One thoughtful and inspiring young girl has raised $50,000 for Black-owned businesses in Minneapolis. Kamryn Johnson, who's just 9 years old, wanted to help people in her community who've been affected by the coronavirus pandemic or by looting in the city, so she teamed up with her friends to make and sell colorful friendship bracelets. And, well, they raised a whole lot of money for a great cause.
Kamryn, who lives in Minneapolis, Minnesota, with her family, and her friend Tanner recently decided to make homemade bracelets to sell outside of her home to help raise money for Black-owned businesses who might have been affected by recent reports of looting and the impacts of the ongoing pandemic, according to local news outlet Fox 9. "I told my mom m idea and she said that we should give the money to the people in Minneapolis. And I said that would be a great idea," Kamryn told CBS News.
Kamryn told Good Morning America earlier this month that she likes "helping people." "I just hope the money that we earn that we can build up some Black businesses and provide the food and water that they need," she said.
And in the last two weeks, the little girl has managed to sell a whole lot of friendship bracelets. She's sold bracelets to neighbors, but also some famous friends of her dad Ron Johnson, who is a former NFL player and a sports analyst who mentioned his daughter's fundraiser on his radio station KFAN. And in a matter of days, she raised over $20,000, according to CBS News. Now, Kamryn has sold so many bracelets that she has raised $50,000 so far, according to The St. Paul Pioneer Press, and her parents are blown away by the support.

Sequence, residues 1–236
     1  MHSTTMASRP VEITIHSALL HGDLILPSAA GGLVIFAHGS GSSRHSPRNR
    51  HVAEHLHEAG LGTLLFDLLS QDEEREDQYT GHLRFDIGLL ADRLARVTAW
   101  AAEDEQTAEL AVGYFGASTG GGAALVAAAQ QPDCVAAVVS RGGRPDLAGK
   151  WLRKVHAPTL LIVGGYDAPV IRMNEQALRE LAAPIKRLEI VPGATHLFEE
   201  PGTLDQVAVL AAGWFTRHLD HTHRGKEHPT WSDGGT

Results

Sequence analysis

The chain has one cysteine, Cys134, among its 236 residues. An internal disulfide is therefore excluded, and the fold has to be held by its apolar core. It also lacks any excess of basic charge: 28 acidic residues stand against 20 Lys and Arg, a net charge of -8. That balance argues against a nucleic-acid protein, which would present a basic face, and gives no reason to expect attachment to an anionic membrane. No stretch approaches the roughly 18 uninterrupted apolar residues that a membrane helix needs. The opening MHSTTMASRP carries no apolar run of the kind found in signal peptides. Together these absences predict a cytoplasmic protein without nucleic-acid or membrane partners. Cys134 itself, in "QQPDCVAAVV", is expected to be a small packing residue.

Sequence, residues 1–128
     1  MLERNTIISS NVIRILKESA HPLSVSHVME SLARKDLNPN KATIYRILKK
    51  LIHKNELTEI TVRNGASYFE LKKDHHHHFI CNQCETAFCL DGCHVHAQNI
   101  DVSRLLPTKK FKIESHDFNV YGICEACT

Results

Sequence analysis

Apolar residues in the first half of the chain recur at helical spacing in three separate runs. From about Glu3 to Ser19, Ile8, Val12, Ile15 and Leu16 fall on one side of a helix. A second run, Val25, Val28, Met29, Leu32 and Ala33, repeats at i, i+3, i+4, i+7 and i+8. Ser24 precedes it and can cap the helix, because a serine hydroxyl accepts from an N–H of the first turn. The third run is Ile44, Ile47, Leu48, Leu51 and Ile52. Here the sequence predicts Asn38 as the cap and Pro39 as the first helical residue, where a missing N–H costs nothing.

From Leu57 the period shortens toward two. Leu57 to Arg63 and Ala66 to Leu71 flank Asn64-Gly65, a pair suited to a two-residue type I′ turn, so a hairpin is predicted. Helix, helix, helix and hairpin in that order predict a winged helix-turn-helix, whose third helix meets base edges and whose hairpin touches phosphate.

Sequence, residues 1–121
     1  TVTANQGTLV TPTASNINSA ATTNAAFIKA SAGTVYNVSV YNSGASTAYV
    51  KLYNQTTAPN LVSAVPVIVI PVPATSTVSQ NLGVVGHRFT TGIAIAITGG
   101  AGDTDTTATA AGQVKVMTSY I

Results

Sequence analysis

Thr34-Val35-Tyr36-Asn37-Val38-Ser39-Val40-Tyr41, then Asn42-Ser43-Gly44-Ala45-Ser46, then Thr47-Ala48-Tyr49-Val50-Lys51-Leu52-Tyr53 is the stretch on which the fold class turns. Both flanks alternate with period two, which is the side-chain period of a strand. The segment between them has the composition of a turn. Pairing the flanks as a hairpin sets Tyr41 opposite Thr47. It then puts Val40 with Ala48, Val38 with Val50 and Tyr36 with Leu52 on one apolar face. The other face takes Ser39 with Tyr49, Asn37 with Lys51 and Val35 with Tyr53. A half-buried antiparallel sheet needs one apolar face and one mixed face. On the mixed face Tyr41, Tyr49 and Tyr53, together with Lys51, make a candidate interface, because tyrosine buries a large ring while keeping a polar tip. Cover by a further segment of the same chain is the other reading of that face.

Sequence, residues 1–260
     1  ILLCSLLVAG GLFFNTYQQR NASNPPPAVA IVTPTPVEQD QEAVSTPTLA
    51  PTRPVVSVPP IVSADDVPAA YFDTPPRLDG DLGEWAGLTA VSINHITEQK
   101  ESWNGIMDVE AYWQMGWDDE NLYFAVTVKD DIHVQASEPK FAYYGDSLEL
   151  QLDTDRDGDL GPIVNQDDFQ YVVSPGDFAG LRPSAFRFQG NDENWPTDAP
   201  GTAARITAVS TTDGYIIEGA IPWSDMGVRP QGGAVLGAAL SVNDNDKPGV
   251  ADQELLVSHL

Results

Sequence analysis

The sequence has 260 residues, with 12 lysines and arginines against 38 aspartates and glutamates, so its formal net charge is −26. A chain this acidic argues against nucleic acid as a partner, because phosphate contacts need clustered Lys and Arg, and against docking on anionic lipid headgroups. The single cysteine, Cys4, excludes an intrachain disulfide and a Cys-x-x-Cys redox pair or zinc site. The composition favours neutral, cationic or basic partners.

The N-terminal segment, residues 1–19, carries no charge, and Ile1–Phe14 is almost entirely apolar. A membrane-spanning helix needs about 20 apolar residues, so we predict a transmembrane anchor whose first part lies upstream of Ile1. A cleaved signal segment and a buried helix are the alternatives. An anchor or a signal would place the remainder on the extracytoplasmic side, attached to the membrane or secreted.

"We are super proud of her. This turned into a much bigger deal than we ever could have imagined," Kamryn's mom Shani Johnson told Good Morning America. Shani also told Fox 9 that even the moms have gotten in on the action to keep up with production, calling it an "all hands on deck" situation.
It isn't just the money Kamryn raised with her bracelets that has made a difference, but also the conversations about race that have sprung up alongside the sales. "Every time a customer comes, I always tell them why we're doing this," Kamryn told Good Morning America.
Kamryn's fundraiser has since grown into a GoFundMe account so that, as her father wrote, "more people from all over have the ability to donate to her friendship bracelet drive uniting people one bracelet at a time." So far, it's raised over $37,000.